• Stress inhibits the VN and has deleterious effects on the gastrointestinal tract and on the microbiota, and is involved in the pathophysiology of gastrointestinal disorders such as irritable bowel syndrome (IBS) and inflammatory bowel disease (IBD) which are both characterized by a dysbiosis.
  • A low vagal tone has been described in IBD and IBS patients thus favoring peripheral inflammation.
  • The exponential growth of evidence detailing the bidirectional interactions between the gut microbiome and the brain supports a comprehensive model that integrates the central nervous, gastrointestinal, and immune systems with this newly discovered organ[10].[11]

Anti‐inflammatory properties of the vagus nerve[edit | edit source]

Cytokine release.jpg

A low vagal tone, as assessed by heart rate variability, a marker of the sympatho-vagal balance, is observed in functional digestive disorders and inflammatory bowel diseases. To restore a normal vagal tone appears as a goal in such diseases. Among the therapeutic tools, such as drugs targeting the cholinergic system and/or complementary medicine (hypnosis, meditation), deep breathing, physical exercise, VN stimulation (VNS), either invasive or non-invasive, appears as innovative. There is new evidence supporting the role of VNS in the modulation of gastrointestinal functions[12].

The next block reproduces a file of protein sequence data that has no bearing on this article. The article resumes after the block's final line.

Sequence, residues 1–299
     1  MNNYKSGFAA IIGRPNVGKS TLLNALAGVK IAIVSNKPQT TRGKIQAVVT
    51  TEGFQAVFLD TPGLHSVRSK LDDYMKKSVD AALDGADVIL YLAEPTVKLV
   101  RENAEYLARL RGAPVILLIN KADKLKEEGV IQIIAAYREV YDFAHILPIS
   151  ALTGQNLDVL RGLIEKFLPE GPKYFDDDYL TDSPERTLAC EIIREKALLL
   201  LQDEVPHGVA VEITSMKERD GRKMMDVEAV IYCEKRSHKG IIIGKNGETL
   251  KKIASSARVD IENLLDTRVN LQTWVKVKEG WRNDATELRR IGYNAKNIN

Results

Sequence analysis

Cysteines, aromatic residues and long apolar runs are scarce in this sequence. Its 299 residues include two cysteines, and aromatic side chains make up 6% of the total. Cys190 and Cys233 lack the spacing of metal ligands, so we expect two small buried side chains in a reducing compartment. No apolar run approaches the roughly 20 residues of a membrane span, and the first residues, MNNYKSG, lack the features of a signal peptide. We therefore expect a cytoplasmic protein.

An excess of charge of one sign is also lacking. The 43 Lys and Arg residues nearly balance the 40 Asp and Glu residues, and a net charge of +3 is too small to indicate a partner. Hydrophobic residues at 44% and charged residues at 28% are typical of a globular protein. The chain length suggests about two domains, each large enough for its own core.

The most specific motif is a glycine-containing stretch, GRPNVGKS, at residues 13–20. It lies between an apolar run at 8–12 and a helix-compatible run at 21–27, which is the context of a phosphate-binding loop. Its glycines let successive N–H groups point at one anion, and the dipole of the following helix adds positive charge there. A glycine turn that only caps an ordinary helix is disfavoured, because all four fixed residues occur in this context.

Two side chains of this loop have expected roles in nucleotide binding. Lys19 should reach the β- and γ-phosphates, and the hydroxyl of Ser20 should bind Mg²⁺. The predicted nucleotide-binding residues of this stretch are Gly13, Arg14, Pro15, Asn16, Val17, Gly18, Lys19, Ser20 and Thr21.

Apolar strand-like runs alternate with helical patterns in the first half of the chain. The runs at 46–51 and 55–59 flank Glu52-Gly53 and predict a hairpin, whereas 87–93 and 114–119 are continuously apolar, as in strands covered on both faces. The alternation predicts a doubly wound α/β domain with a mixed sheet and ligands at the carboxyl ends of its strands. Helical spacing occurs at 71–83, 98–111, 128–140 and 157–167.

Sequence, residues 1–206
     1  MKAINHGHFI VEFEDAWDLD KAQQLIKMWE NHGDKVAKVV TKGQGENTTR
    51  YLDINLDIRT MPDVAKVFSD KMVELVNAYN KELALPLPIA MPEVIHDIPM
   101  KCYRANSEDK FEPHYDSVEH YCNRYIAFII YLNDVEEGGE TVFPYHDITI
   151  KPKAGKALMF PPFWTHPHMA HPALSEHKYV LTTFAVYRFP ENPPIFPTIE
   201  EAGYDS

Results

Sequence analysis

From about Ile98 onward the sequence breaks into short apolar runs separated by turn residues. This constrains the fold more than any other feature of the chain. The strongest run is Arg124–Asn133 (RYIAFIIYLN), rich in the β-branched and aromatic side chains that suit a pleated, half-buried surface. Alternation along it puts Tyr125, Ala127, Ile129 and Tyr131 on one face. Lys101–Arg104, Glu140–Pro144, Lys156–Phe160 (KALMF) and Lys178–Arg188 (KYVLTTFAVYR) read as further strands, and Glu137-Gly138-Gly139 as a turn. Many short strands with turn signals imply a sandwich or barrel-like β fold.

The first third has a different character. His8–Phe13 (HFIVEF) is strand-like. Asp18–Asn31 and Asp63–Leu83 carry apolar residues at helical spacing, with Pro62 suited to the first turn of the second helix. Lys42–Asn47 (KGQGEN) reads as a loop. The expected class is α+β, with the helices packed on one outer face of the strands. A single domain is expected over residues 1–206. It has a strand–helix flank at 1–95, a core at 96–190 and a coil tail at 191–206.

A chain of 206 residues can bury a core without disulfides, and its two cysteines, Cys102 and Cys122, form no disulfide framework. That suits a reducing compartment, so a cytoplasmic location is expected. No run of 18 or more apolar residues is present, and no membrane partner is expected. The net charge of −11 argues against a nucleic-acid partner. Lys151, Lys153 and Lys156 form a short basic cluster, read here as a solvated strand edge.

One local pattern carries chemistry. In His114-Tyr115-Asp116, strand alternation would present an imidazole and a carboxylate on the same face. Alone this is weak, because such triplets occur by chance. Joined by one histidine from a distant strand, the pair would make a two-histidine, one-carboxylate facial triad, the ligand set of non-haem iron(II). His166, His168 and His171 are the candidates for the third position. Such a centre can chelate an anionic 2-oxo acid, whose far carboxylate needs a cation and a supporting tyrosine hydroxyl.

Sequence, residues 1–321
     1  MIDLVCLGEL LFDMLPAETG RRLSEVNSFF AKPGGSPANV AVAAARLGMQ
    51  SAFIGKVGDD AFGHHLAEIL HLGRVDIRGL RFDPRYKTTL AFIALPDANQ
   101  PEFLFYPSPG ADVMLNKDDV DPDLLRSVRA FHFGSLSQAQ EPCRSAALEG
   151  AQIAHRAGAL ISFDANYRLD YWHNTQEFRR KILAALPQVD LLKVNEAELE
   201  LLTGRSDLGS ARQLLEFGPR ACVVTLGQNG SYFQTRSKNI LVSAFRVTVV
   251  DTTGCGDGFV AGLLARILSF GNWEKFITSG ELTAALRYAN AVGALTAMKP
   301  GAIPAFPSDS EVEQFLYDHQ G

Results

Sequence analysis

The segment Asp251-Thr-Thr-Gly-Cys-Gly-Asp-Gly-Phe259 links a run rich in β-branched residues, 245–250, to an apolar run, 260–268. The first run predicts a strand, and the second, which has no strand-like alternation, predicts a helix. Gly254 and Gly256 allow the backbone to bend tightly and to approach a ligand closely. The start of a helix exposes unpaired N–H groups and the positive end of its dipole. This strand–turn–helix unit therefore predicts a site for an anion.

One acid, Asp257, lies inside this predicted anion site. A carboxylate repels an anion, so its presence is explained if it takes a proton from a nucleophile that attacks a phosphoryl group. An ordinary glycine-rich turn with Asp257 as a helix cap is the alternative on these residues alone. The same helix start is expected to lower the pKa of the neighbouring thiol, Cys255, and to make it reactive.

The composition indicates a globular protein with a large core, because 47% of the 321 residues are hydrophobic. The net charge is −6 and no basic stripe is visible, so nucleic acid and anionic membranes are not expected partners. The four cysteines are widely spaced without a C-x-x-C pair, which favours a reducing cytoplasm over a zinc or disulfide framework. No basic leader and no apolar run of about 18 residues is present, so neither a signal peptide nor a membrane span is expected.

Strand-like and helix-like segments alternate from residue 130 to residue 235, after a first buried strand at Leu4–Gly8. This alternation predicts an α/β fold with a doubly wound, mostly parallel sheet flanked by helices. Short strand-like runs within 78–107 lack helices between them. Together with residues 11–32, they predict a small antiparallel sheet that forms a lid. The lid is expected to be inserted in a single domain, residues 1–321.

Brain and viscera interplay within the autonomic nervous system where the vagus nerve (VN), containing approximately 80% afferent and 20% efferent fibres, plays multiple key roles in the homeostatic regulations of visceral functions. Recent data have suggested the anti‐inflammatory role of the VN. This vagal function is mediated through several pathways. The first one is the anti‐inflammatory hypothalamic–pituitary–adrenal axis which is stimulated by vagal afferent fibres and leads to the release of cortisol by the adrenal glands and efferent (activation of the CAP) fibres. Given its position as a key element of the autonomic nervous system in the brain–gut interactions the VN seems to be a good therapeutic target in inflammatory conditions of the digestive tract (e.g. IBD) and also other inflammatory conditions such as RA, and others.  

The use of neuromodulation by bioelectronics devices as a treatment is an emerging field in the domain of bioelectronic medicine. It could be an alternative non‐drug therapy to conventional treatment or could be combined with such treatments, but further investigation in a large longitudinal cohort of patients is required.[13]

Vagus Nerve as Modulator of the Brain–Gut Axis in Psychiatric and Inflammatory Disorders[edit | edit source]

Vagus nerve stimulation.jpg